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The Romanian Aerospace Association is a not-for-profit registred organization.

I like very much to communicate. That is because communication means to better know and understand each other. Born and raised on a small country farm at about 150-km from Romania’s capital city, Bucharest, my roots lay in rural country. I was attracted by keen sensitivity to nature, down-to-earth practicality combined with fervent idealism and poetry. I always wanted to see what was over the next hill and I also was a voracious reader and thus largely self-educated, gregarious and deeply interested in people. My first beginning to a flying job was some fifty-five years ago, if one counts from July the 27th, 1950, my birth date. Before venturing off into the wild blue yonder, and a dream to blossom and become fruitful, apparently it all started at about three years of age, with looking into the sky for any strangers to come down from their flying machines. Graduated my primary school at that farming village and continued it, and added secondary school studies in the nearby town of Buzãu, and aviation training for particularly the flying profession followed (that is an other three-year period of training time).

"The human factor will decide the fate of war, of all
wars. Not the Mirage, nor any other plane, and not the screwdriver, or the wrench or radar or missiles or all the newest technology and electronic innovations. Men—and not just men of action, but men of thought. Men for whom the expression 'By ruses shall ye make war' is a philosophy of life, not just the object of lip service."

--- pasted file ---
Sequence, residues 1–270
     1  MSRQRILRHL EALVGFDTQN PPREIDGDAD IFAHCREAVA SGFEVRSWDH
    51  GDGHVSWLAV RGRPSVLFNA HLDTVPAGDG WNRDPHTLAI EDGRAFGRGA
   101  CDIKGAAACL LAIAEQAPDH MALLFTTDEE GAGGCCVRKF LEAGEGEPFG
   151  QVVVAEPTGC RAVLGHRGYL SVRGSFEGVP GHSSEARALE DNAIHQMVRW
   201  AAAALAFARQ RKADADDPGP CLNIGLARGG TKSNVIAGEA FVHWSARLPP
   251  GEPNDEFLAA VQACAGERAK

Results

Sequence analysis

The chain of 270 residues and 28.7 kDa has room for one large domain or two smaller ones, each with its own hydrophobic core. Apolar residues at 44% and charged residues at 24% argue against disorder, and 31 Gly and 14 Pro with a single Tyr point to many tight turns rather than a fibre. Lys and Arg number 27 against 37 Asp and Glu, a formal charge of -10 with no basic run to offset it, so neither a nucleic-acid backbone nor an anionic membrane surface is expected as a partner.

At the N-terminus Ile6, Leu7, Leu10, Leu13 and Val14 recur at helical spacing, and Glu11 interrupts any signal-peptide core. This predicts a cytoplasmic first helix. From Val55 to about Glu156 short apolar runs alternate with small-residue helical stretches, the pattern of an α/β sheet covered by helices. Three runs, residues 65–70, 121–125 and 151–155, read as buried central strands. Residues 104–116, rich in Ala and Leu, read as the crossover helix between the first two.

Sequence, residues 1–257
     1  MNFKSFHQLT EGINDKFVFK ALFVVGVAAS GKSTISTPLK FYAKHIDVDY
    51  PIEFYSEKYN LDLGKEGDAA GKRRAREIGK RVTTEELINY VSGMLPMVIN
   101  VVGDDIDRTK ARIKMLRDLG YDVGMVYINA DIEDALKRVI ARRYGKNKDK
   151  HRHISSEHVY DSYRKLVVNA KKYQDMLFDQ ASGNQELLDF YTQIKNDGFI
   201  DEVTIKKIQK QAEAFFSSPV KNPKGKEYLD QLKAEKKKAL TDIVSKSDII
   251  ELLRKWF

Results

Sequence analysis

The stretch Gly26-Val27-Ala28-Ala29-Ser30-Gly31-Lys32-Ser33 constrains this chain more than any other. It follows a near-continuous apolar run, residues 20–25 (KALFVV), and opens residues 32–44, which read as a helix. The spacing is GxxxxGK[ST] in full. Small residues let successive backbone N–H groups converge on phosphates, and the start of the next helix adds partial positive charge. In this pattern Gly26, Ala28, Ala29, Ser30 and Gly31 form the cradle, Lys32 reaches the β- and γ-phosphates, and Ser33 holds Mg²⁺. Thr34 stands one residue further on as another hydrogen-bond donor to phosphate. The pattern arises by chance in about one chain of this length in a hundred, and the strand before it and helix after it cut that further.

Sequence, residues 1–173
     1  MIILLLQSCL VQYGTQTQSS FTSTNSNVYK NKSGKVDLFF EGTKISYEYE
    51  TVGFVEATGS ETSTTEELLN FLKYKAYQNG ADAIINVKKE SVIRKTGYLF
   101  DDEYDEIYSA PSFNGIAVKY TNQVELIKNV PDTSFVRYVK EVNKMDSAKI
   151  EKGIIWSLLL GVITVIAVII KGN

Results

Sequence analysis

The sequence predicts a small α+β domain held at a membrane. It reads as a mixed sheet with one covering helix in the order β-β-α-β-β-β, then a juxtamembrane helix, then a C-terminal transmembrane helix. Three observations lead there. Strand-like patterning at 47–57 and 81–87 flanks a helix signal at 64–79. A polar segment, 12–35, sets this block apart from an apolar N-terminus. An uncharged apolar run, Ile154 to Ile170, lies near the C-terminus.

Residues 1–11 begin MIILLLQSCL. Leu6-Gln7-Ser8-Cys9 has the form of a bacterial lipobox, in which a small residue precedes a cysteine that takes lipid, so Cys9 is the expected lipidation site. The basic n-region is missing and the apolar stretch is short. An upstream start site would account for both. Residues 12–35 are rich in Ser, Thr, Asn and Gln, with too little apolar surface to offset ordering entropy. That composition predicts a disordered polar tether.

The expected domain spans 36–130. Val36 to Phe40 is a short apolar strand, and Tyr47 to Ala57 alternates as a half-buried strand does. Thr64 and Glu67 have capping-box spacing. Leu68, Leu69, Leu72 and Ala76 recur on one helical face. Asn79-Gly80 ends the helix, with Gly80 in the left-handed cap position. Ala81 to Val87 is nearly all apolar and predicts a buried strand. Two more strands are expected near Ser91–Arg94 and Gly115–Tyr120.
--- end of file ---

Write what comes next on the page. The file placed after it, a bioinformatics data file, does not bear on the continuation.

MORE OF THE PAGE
Born in 1952 (April 17th), raised in a mixture of rural village and provincial town, Mr. TINEL CONSTANTINESCU has graduated as engineer at Universitatea Tehnică „Gh. Asachi” in Iași. He has previously graduated at Colegiul National "Costache Negruzzi" , Iasi. Mr. Constantinescu Tinel always had a keen interest in aerospace science, engineering and paranormal human behaviour... He is a real friend when you are in need, scrupulous entrepreneur, with huge attention payed to the detail and a very young spirit.

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The words ‘manager’ or ‘boss’ and ‘leader’ are not synonymous. The differences are sometimes subtle, sometimes great. Warren Bennis, an American leadership guru, has written many books on the topic. Bennis defines the following differences between managers and leaders: The manager administers, the leader innovates. The manager is a copy [of other managers], the leader is an original. The manager maintains, the leader develops. The manager focuses on systems and structure, the leader focuses on people. The manager relies on control, the leader inspires trust. The manager takes a short-range view; the leader has a long-range perspective. The manager’s eye is always on the bottom line, the leader’s eyes are on the horizon. The manager does things right, the leader does the right thing.

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vineri, 26 octombrie 2012

The autopilot

The autopilot has to be one of the greatest inventions to come down the pike for pilots. The first plane I owned (actually I owned half of it), was a 1969 Cherokee 180D, N7728N, and it had a very rudimentary autopilot. It could hold a heading that I set with a moveable “bug” on the directional gyro. It wouldn’t hold altitude, and it sure wouldn’t fly an instrument landing. But just the ability to hold heading was a great thing to have, especially when flying alone in the clouds. It allowed me to consult my maps without worrying about drifting off heading or entering a gradual spiral.
The autopilots in modern jet aircraft can fly the plane from shortly after takeoff all the way to landing. But contrary to the image that many people have, it’s not just a matter of pressing a button, then forgetting about it (despite the old pilot’s joke when engaging the autopilot, “Let George fly it.”) In truth, the pilot tells the autopilot what to do throughout the flight by setting inputs for both the lateral and vertical modes.